Do you ever say to yourself “I can’t help how I feel.”
Part of the humour of the long running radio show Just a Minute is the mocking of its chairman Nicholas Parsons. When panellist Graham Norton was given the topic ‘Freudian slips’ he talked about ‘man love’ revealing his ‘gruntaffilic attraction to Parsons’ and saying ‘I can’t help those feelings.’ In other words “I can’t help how I feel.” Whereupon Paul Merton gets a big laugh by buzzing and shouting ‘Try!’ In other words try to feel differently. But can one really change how one feels?
Norton’s sentiment reminded me of the Hey Stephen song:
“Cause I can’t help it if you look like an angel
Can’t help it if I wanna kiss you in the rain so
Come feel this magic I’ve been feeling since I met you
Can’t help it if there’s no one else
Mmm, I can’t help myself ”
It got me thinking about my own feelings. Is it possible for me to feel differently about certain things, people, situations? Emotions I take for granted seem to be naturally part of me and always will be. But do I have to feel so irritated by certain people who cause me discomfort? Do I have to feel so attached to my favourite food? Or feel so lazy when obliged to go somewhere.
Is it possible to alter our feelings, in the sense of making ourselves stop feeling negative or stop enjoying those things we believe to be unhelpful or even just down-right wrong?
Assuming our feelings are inevitable
You might be thinking ‘Of course my feelings are part of me — feeling angry, happy, displeased, turned on, sad whatever. I need to be myself and that means keeping in touch with what I like and not being afraid to express these feelings. Isn’t that what honest living is all about?’
“Never apologize for showing your feelings. When you do, you are apologizing for the truth.” (José N. Harris)
Well okay I can buy into authenticity and being a real person in your own right and not just a conformist. But what if some of your desires are bad? What if some of your emotions are harmful? Have you no capability of changing how you are to become a better person? No ability to change what you like and want?
Don’t we learn to appreciate and enjoy things which at first are daunting and unattractive. Which beer drinkers enjoyed their very first glass of bitter? Is it not an acquired taste?
My thought can affect how I feel
You might suppose that it would be only natural to feel angry if insulted, hurt if injured, or despair if all hope is removed. However one Nazi concentration camp inmate refused to accept that feelings were automatically determined by his situation and instead tried to change the way he felt.
“When we are no longer able to change a situation – we are challenged to change ourselves.” (Viktor Frankl)
Psychological therapists work with intractable patients trying to make them stop loving the socially awkward things they love. The basis of cognitive therapy is the idea that harmony is the normal state of consciousness; that the mind is inclined towards congruity between thinking and emotion. We defend what we enjoy with all sorts of justifications. We find reasons for what we want to believe. The mind seems to be built that way. When feeling and thinking are no longer in harmony, we suffer discomfort, and anxiety.
So therapists challenge people’s mistaken ways of thinking to encourage the development of sensible thoughts because they have found that new feelings emerge that match the new thoughts. For example realising when there is no real danger in a specific situation, the client starts to feel calm rather than afraid: appreciating that there is no evidence of a partner’s infidelity, the client feels less uptight rather than seething with jealousy.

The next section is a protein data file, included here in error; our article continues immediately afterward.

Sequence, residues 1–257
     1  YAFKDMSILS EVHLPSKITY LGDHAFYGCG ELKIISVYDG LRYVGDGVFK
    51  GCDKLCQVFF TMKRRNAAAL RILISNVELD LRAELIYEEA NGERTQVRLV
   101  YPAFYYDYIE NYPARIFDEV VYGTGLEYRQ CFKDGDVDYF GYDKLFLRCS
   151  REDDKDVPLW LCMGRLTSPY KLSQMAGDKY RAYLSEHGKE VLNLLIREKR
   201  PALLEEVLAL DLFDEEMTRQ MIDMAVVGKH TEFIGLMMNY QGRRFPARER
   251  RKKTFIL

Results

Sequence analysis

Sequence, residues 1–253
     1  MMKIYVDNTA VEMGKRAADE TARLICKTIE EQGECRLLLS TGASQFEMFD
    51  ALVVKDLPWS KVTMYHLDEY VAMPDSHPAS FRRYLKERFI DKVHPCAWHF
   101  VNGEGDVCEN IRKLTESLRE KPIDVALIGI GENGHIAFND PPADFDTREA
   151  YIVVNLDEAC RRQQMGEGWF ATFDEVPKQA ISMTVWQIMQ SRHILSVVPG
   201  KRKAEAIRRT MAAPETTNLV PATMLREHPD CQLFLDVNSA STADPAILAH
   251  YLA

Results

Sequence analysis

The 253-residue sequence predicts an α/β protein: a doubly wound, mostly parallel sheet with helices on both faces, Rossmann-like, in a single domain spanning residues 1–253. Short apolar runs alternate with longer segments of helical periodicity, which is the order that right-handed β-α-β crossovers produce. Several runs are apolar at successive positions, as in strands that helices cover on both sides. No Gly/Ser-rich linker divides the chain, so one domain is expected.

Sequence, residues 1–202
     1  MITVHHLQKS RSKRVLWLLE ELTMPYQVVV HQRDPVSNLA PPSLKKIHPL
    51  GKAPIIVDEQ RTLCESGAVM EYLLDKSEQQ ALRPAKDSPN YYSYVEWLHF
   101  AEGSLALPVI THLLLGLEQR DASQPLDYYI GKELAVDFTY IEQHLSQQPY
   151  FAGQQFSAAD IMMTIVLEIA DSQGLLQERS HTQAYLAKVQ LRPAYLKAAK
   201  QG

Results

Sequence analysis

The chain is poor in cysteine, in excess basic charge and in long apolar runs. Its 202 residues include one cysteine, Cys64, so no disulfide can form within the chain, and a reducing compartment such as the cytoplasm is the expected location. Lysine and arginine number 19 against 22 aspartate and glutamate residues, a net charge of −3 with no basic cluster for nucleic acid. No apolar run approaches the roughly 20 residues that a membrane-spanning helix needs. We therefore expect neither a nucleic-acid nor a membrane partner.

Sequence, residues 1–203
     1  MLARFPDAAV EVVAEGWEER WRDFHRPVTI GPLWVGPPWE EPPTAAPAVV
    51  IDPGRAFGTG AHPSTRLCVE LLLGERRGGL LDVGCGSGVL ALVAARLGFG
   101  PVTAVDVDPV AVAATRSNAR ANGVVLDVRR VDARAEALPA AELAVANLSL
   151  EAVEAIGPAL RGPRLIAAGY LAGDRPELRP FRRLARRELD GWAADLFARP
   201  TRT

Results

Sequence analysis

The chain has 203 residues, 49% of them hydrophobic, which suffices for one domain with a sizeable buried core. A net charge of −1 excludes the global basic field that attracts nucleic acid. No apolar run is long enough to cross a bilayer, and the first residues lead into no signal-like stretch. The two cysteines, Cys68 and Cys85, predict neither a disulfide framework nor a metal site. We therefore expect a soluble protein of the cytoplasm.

Awareness of social ideals
Spiritually aware people tend also to want to promote change. They want to encourage a feeling of protectiveness towards the environment, sympathy towards third world suffering, a feeling of togetherness to overcome the challenge of multicultural tension. Understanding the ideals could mean feeling a new frustration and anger with the current state of things, finding new hopes and gaining new excitement and delight in progress made. Then one could find that the old feelings of cynical resignation, negativity and disinterest were never inevitable feelings.
Awareness of personal responsibility for how I feel
Likewise gaining an understanding of the ideal self can lead to personal change. New feelings can develop whilst pursuing self-improvement. It is one thing to face in a new direction but another to set off with a will. This idea of personal choice is quite contentious because of the many factors scientists have discovered that seem to reduce our freedom: one’s individual genetic constitution, the effects of family upbringing, social pressures towards cultural norms, lack of economic opportunities etc. However, I do believe that whatever one’s situation it is possible to find the necessary courage and determination to refuse to allow setbacks to put you down, and that by examining one’s attitude one can start to feel differently about life’s frustrations.
I would suggest that to change the way you feel means first challenging the habits of thought which maintained the old feelings. For example if angry you might believe you have lost your temper. An alternative attitude is that temper isn’t something you lose: it’s something you decide to throw away.
In other words you might stop blaming things that you suppose make you feel you do — stress, tiredness, external events, natural urges and instead you could focus on your inner vision and responsibility for how you are in yourself.
I would say that you don’t have to spend time stewing in your sense of hurt or feeling hard done by. Those feelings will never go away unless you turn your back on them.
Copyright 2013 Stephen Russell-Lacy
Author of Heart, Head & Hands Swedenborg’s perspective on emotional problems